Bloomberg's latest health crusade won't force New Yorkers to take the stairs, but it will encourage the climb. Even as the race is on to succeed him, New York City's mayor has unveiled an executive order requiring new city buildings (and those undergoing substantial renovations) to use "active design" strategies, in addition to two bills he's proposed to beef up their visibility and access, the New York Times reports. What he'd like to see: stairs featured as a focal point in a building's design; signs near elevators that remind people to use their feet; and stairways that are clean and adequately lit.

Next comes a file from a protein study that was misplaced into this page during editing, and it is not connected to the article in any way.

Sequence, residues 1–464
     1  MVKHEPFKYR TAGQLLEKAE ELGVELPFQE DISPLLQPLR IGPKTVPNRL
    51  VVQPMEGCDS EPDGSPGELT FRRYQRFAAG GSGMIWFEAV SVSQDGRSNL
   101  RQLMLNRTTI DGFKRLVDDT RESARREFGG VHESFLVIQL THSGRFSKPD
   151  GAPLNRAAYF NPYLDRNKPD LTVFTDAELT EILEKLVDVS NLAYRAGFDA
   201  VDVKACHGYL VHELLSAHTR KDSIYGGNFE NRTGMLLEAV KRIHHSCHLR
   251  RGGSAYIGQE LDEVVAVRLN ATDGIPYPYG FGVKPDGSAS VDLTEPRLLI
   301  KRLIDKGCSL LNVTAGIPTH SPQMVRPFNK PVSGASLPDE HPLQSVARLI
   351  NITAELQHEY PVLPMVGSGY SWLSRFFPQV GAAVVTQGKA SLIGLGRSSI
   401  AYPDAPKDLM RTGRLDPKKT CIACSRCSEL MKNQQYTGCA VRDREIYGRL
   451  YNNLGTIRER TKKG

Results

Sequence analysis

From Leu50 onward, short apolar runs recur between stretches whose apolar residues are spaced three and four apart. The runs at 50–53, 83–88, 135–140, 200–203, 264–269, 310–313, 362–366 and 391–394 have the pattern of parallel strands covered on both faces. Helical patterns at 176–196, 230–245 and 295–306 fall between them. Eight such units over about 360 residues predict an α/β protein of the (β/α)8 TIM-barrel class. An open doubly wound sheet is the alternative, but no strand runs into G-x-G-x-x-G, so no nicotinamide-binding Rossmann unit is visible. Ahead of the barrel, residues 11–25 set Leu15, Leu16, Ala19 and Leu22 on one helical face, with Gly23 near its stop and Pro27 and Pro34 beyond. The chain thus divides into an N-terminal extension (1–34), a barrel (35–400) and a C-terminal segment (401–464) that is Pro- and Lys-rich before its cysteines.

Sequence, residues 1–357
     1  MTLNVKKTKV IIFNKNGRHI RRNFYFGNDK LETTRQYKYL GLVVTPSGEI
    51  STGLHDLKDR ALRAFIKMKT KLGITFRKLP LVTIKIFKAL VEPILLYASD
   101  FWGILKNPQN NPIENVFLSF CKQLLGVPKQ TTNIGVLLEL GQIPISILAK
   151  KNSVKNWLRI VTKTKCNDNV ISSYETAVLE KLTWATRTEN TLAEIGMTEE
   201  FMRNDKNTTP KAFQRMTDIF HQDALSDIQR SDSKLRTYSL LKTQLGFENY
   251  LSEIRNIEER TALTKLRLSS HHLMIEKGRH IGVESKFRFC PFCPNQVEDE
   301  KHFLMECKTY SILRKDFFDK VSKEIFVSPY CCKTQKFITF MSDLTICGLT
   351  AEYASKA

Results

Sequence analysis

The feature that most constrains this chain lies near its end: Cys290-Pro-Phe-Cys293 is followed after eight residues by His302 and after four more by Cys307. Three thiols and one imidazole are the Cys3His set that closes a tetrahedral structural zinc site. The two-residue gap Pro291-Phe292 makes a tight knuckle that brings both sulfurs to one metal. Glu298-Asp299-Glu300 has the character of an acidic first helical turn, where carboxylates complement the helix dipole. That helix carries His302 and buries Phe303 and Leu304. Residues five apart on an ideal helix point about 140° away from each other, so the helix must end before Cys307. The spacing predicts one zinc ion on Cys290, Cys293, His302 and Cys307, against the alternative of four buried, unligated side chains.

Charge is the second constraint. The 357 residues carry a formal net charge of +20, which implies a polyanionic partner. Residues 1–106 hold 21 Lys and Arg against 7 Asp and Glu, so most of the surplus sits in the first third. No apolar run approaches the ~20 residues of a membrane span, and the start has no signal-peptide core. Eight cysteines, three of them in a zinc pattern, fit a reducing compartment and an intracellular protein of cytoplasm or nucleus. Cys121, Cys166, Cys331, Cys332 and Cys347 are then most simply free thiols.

"The whole idea here is not to change what you have to do, but to give you the idea or the impetus to do something that is in your own interest," says Bloomberg, who points out that, per the Daily News, that "I have five floors. I take the stairs." The Times highlights one sticking point in the mayor's plan: In many cases, stairs' doors remain closed as a fire-safety measure; one of the bills Bloomberg is pushing would allow for devices that keep doors open but shut automatically if a fire breaks out. (Read more Michael Bloomberg stories.)